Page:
Again, as with the previous two books “Polysecure” does not adequately address the intersectional dimensions of polyamory, such as the impact of race, ethnicity, gender, and other identity factors on attachment styles and relationship dynamics. Incorporating intersectional perspectives would deepen the book’s analysis and provide a more comprehensive understanding of attachment in polyamorous contexts.

Need for Practical Strategies

While “Polysecure” offers valuable theoretical concepts and insights, some readers may find it lacking in practical guidance and strategies for navigating attachment dynamics in polyamorous relationships. Providing more concrete tools, exercises, and communication techniques would enhance the book’s utility for readers seeking actionable advice and skills.

Overemphasis on Attachment Styles

While attachment theory is a valuable framework, it is not the only factor that influences relationship dynamics in polyamory. The book tends to place a heavy emphasis on attachment styles as the primary lens through which to understand and address challenges in polyamorous relationships. It would be beneficial to explore and integrate other relevant concepts, such as communication, consent, boundaries, and relationship agreements, to provide a more comprehensive understanding of polyamorous dynamics.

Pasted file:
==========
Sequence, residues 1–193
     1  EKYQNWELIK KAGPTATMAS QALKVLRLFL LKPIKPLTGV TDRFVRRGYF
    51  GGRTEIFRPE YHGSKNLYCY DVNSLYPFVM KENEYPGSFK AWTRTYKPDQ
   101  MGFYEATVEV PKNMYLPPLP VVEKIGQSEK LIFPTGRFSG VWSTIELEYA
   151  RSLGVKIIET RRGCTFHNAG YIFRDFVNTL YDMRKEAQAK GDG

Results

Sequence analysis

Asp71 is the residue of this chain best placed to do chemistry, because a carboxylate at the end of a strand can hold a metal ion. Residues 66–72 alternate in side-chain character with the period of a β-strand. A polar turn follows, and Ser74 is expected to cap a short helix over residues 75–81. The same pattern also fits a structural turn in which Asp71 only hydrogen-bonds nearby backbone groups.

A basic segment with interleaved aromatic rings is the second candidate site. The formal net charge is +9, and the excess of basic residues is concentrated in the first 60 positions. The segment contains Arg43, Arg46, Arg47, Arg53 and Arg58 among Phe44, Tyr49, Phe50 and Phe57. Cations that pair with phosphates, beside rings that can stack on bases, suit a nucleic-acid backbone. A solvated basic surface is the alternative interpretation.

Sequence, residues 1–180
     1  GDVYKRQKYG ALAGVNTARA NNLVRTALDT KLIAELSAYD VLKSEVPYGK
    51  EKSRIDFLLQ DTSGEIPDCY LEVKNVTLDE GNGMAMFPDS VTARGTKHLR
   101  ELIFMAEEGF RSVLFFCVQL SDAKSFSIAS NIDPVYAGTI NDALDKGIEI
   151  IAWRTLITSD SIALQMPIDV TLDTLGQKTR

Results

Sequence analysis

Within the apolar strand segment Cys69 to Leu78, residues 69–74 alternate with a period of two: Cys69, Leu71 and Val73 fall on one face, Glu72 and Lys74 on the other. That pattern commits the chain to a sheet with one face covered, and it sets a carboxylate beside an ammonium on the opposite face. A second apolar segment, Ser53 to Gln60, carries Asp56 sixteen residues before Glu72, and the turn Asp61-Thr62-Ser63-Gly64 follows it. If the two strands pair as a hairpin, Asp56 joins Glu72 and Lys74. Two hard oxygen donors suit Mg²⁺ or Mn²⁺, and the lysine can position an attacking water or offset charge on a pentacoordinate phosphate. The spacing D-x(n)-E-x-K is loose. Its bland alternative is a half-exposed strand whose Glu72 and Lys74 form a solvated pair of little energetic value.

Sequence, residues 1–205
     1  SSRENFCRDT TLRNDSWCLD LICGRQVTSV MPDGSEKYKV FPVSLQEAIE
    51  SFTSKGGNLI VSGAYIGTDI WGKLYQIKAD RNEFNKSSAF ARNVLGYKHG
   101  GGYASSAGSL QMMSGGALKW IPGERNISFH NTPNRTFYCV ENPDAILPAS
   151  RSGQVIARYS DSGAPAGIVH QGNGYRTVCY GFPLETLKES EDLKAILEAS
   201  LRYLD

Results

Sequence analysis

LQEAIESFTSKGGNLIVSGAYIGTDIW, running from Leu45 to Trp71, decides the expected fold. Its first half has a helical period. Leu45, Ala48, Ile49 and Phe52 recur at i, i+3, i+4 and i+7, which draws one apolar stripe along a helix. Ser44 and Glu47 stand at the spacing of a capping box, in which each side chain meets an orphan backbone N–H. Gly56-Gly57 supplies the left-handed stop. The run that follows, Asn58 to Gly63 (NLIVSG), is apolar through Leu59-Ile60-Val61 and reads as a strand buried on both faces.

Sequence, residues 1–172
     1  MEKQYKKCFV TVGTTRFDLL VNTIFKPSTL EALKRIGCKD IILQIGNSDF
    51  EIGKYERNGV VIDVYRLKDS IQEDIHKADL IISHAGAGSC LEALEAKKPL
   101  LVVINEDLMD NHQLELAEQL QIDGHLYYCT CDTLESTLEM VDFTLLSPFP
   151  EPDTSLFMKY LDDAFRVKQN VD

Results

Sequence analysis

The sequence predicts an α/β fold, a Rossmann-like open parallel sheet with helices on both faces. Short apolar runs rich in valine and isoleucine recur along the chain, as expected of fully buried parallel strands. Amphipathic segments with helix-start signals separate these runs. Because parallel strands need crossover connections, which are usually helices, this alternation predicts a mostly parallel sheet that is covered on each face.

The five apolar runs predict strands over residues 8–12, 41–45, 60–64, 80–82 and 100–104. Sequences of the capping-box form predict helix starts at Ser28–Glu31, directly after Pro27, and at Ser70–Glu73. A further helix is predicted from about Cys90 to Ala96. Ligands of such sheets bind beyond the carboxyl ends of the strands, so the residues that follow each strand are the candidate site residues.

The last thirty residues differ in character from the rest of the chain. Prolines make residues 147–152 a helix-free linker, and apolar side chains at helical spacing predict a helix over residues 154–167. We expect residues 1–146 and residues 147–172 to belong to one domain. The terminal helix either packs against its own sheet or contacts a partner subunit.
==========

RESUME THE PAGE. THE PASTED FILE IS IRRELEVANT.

Remember, reading books about polyamory can provide valuable insights and perspectives, but it’s important to approach them with an open mind and adapt the information to fit your personal circumstances and needs.

I will be hosting two Poly Speed Dating events through the Venice Project this summer in Berlin. I would love to see you there!

Friday 21 July 1900–2200 Eventbrite